In Bolivia, a political culture of resistance is mediated through indigenous culture (see Aguilar, Rhythms of the Pachakuti). In 2000, mass mobilization drawing on the culture and social formations of the Aymara people prevented the privatization of water in the city of Cochabamba. Direct political action between January and April of that year—blocking and, at times, literally filling the streets—forced the government to make concessions to the people rather than to transnational corporations. It was not institutional power but cultural power that enabled the organization, coordination, and mobilization of many thousands of Bolivians in a political struggle. Significantly, Aymara culture includes a concept of necessary disruption of the norm, pachakuti, which rationalized mass resistance. Despite filling the streets, Bolivia’s “Water War” has more in common with Standing Rock than the Women’s March on Washington. The Water War mobilizations drew on existing cultural knowledge and organizational forms to empower direct action (in ways that would be affirming to Cabral). Some complain that the Women’s March lacked direction, but more limiting was its lack of shared experiences and knowledge that could rationalize a political objective. Liberal political culture, unlike Aymara culture, does not empower the collective or encourage disruption. As with lived experience and history of collective action, lacking indigenous knowledge does not make a political culture of resistance unattainable. We just have to produce it.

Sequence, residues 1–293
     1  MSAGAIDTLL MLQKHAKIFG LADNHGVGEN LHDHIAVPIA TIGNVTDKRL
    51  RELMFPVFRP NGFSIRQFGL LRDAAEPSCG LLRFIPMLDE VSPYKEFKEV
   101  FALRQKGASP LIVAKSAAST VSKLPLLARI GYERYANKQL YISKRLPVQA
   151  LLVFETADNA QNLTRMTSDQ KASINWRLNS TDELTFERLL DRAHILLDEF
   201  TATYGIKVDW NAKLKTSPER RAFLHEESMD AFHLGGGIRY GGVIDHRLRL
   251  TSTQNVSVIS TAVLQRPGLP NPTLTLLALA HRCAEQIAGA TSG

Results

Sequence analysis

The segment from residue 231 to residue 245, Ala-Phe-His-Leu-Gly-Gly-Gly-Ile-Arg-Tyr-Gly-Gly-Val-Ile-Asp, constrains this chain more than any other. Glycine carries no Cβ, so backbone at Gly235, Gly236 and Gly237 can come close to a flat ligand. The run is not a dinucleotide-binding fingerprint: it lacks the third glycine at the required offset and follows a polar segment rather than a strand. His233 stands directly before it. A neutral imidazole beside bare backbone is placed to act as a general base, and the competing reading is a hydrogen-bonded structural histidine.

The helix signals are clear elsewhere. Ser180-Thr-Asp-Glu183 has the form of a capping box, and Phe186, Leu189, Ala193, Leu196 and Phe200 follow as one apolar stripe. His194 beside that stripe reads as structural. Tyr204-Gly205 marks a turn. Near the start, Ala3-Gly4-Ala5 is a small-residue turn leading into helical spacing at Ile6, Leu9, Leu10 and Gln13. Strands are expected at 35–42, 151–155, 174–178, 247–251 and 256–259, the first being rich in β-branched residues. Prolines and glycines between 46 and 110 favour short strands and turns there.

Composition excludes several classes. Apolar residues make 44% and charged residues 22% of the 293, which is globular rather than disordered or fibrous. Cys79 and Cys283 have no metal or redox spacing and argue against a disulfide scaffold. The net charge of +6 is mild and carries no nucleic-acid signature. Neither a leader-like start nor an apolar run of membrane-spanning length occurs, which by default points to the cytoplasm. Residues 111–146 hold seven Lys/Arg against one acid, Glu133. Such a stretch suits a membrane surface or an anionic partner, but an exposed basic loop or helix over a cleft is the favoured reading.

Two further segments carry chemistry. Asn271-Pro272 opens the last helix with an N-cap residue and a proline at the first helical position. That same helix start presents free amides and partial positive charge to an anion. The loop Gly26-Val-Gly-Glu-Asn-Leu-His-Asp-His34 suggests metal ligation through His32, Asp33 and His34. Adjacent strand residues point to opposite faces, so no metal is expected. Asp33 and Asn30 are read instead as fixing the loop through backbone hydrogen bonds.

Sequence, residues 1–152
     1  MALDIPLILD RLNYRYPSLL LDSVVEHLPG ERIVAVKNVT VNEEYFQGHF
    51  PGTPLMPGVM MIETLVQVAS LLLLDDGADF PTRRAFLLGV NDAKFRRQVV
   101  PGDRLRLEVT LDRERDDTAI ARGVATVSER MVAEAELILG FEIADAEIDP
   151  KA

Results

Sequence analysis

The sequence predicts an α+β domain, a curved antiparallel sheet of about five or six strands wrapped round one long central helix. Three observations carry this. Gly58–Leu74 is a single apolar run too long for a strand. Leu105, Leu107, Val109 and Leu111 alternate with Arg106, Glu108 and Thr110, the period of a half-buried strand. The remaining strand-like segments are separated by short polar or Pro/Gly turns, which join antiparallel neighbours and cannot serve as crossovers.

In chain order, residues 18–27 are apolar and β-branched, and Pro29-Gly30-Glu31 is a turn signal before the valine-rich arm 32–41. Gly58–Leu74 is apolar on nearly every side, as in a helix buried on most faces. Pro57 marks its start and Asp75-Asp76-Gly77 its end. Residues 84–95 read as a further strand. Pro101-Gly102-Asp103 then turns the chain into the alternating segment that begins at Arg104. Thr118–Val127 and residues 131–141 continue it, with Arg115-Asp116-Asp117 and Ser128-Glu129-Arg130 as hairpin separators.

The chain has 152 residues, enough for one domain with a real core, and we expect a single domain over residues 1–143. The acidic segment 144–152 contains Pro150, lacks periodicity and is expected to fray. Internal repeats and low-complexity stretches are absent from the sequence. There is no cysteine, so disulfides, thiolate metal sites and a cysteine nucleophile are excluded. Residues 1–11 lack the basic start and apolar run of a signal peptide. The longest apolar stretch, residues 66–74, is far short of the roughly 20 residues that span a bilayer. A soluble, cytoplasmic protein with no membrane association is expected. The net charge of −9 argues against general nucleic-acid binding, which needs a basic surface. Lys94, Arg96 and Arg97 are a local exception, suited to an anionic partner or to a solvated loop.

In his talk with students, Ngongoma spoke about politics explicitly. “Because whatever crime that is committed on us is politically motivated,” he said, “so it is necessary for us to respond in responses that are politically motivated.”